by Ned Simonson
From the very beginning, St. John's mission has been about
access: access to education, access to opportunity and access to a
better life. Since last fall, every entering freshman added access
to one of "higher education's top-ranked, high-tech wireless
networks" to the list.
The Academic Computing Initiative (ACI), the broad-reaching
program launched in September 2003 that put leading-edge technology
into the hands of students and faculty alike, is serving as the key
to a superior education through access to the Wi-Fi network and St.
John's Central, the University's secure portal to the Internet.
"Students are no longer interested in doing the minimum," says
Barbara Signer, professor of early childhood and adolescent
education on the Queens campus. "I require two, 200-word Web
postings a week in my class. But what I usually get is eight to 10
postings. Students are eager to get online and share in the
Now, less than a year into the program, the ACI caught the
attention of some of the biggest names in the high-tech industry by
receiving national recognition for its revolutionary technological
Recently St. John's earned a nomination to the Computerworld
Honors Program - Search for New Heroes - permanent archive.
Established in 1988, the Program is dedicated to identifying
leaders in the global information technology revolution and
recording the impact of their achievements on society. Program
administrators seek to partner influential high-tech firms with top
academic institutions to document "a revolution in progress."
As participants in the Computerworld Honors Program, St. John's
officials contributed a case study summarizing the benefits of the
ACI and the details of the extensive hardware, the integrated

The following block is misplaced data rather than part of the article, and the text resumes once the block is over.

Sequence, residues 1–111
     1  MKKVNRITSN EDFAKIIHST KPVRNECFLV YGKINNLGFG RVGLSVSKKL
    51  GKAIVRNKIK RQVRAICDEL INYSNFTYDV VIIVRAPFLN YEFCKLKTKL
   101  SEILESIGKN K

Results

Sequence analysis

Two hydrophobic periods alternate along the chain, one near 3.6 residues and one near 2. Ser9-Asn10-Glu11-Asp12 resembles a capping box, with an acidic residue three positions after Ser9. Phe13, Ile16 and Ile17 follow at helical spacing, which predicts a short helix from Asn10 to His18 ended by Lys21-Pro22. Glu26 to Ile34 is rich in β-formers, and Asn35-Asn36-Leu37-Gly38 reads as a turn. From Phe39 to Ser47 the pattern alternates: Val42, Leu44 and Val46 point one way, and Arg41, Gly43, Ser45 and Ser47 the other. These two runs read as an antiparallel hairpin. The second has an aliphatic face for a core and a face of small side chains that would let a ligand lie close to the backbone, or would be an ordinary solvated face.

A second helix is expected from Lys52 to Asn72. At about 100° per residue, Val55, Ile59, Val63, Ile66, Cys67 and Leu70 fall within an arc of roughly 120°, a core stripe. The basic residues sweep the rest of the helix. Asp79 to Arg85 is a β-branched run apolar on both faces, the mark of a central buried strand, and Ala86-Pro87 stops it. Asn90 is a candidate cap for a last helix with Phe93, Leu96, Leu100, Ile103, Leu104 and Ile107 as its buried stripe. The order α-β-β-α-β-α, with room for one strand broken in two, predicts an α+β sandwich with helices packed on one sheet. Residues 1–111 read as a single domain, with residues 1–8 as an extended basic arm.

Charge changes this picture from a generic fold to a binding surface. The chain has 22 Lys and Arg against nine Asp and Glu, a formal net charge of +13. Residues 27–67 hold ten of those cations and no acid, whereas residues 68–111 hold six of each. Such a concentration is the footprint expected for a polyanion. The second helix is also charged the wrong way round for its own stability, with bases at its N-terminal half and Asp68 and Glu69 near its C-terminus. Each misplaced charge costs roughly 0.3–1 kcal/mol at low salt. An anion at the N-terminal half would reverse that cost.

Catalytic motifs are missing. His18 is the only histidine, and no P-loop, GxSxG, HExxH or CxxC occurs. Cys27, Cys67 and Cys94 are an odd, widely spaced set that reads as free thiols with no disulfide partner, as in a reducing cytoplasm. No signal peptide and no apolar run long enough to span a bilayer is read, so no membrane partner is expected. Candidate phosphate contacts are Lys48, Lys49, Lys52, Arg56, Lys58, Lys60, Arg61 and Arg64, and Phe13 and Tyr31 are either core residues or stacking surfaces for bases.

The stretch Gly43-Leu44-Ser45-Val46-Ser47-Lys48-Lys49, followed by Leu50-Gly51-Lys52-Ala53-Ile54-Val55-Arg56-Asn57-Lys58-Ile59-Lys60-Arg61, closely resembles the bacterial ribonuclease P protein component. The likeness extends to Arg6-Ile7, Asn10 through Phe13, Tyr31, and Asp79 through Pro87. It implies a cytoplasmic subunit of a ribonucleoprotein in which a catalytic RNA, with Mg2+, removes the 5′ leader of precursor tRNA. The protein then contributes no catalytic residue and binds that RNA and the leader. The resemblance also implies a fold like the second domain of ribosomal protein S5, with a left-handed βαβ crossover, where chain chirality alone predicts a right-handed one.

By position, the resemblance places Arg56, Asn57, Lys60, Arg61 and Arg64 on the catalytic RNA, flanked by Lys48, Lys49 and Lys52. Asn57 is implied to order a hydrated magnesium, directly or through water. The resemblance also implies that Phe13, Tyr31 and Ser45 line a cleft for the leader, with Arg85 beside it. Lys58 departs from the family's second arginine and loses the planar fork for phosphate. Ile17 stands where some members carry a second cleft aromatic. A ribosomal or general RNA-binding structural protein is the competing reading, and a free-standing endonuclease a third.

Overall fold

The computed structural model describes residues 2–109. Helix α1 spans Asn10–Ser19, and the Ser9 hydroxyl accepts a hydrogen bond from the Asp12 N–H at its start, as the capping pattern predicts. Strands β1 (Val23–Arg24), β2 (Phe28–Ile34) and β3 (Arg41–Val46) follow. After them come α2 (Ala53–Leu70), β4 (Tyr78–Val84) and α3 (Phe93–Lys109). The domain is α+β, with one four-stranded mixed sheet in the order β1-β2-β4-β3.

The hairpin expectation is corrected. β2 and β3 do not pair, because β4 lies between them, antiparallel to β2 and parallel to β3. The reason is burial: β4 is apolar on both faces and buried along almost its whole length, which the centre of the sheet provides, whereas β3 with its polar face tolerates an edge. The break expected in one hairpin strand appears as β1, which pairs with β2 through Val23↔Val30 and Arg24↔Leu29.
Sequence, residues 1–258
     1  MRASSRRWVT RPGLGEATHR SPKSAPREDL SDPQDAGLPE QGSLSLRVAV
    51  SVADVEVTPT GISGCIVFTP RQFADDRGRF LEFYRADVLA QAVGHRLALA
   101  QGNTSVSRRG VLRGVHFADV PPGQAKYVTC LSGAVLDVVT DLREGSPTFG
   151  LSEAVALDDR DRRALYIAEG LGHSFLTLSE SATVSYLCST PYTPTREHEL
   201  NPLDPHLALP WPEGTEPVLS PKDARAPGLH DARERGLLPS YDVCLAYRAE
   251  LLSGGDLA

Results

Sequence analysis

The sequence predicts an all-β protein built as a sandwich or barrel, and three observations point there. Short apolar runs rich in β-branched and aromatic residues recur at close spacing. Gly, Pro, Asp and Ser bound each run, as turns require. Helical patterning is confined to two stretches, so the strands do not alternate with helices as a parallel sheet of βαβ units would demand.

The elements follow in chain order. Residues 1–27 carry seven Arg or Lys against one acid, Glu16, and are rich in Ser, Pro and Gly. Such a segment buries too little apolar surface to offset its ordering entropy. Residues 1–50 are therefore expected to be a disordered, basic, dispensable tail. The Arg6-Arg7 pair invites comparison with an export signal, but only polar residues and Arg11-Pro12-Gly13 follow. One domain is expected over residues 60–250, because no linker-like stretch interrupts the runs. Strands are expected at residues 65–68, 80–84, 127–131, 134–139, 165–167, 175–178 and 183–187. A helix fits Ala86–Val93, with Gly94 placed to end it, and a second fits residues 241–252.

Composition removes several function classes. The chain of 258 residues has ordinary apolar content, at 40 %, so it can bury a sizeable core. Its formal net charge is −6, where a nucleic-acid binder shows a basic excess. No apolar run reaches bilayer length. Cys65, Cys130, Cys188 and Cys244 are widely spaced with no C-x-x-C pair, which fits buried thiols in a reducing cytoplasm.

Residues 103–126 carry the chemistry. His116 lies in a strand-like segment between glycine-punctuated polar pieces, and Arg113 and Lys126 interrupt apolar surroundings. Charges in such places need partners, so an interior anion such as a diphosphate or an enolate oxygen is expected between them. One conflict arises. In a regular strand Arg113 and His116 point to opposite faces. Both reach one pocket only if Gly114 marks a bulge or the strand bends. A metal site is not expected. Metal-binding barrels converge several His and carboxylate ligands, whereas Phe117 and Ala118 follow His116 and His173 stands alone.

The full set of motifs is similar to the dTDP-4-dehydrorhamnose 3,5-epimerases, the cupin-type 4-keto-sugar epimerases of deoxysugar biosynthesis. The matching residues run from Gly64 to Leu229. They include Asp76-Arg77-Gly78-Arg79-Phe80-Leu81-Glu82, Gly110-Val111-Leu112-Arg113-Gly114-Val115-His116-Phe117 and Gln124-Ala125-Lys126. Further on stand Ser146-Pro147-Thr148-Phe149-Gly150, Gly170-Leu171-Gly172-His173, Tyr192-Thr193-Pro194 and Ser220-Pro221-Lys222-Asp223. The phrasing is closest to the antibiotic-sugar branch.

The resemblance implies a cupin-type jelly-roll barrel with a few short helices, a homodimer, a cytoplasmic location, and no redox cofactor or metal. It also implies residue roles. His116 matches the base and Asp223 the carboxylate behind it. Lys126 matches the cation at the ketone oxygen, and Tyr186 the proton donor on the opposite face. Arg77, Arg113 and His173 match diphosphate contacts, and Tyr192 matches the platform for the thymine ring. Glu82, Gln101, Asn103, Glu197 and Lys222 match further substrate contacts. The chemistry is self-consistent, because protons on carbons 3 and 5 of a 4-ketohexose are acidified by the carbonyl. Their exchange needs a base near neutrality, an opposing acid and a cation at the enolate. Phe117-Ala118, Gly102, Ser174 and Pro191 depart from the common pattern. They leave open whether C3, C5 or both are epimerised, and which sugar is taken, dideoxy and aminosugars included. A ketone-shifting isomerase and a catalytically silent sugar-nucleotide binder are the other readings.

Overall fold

software and the comprehensive training and support completing the
initiative. This document will be housed in the Smithsonian
Institution among other esteemed institutions around the world so
that future generations may see how technology has helped advance
the University's mission in ways previously unimagined.
The University broke into the top 10 of Intel's Top 100 Unwired
Colleges. Wireless computer access has emerged as a leading measure
of a college's technological quality, and St. John's was the only
New York university ranked among the top 10 "most unwired college
campuses" along with such other schools as Indiana University -
Bloomington, Purdue University, the University of Texas at Austin,
Case Western Reserve University, Dartmouth College, Carnegie Mellon
University, the University of Akron, Western Michigan University
and American University.
In order to maintain competitive in today's fast-paced,
high-tech learning environment, St. John's students will continue
to gain access to the latest advances in technology. And while
there's little in the way of predicting just what those advances
will be, if this past year's accomplishments are any indication, it
will certainly embody for students, administration, faculty and
alumni alike, something everyone can be proud of: a model of